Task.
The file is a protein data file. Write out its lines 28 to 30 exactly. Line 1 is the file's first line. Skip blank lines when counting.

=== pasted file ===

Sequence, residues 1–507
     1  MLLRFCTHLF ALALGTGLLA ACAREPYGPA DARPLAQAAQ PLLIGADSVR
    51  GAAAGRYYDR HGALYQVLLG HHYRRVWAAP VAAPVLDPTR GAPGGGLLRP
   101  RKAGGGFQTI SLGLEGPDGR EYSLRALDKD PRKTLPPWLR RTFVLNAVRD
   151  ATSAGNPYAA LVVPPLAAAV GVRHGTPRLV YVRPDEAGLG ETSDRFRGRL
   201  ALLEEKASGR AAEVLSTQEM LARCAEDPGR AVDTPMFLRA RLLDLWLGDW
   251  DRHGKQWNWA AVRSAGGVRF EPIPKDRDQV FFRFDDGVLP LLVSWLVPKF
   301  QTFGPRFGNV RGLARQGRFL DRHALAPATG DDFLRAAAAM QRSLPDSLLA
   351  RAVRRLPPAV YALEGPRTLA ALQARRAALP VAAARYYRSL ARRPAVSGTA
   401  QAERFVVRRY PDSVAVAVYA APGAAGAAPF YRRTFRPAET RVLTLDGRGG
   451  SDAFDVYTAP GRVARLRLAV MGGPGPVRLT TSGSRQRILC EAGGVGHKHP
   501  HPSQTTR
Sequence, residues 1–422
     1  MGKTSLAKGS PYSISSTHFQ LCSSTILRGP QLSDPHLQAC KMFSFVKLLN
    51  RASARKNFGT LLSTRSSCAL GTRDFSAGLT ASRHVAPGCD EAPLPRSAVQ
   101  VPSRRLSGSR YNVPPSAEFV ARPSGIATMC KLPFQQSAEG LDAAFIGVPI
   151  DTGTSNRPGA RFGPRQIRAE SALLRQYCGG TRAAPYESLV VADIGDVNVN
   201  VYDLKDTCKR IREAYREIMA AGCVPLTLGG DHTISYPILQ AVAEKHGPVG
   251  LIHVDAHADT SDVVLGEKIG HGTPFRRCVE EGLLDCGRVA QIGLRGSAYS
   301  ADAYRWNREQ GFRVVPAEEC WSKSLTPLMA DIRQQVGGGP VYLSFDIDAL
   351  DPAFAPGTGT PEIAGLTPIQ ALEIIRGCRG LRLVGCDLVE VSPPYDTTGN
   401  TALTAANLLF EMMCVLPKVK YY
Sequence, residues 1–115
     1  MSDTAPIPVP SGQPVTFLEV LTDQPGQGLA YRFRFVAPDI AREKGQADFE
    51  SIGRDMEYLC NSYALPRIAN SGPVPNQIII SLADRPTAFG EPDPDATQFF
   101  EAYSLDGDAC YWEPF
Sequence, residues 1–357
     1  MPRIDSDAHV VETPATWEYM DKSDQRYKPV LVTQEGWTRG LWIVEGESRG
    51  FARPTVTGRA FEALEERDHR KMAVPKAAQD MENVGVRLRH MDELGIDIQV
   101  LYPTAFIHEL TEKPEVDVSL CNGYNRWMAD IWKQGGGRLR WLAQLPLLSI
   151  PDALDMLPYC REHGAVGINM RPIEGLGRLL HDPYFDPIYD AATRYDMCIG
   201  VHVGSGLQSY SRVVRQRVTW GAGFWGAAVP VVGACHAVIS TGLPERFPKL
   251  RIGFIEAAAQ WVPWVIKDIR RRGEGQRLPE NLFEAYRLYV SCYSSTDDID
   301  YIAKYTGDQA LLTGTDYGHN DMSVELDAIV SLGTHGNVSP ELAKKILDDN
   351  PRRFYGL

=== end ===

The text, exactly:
     1  MPRIDSDAHV VETPATWEYM DKSDQRYKPV LVTQEGWTRG LWIVEGESRG
    51  FARPTVTGRA FEALEERDHR KMAVPKAAQD MENVGVRLRH MDELGIDIQV
   101  LYPTAFIHEL TEKPEVDVSL CNGYNRWMAD IWKQGGGRLR WLAQLPLLSI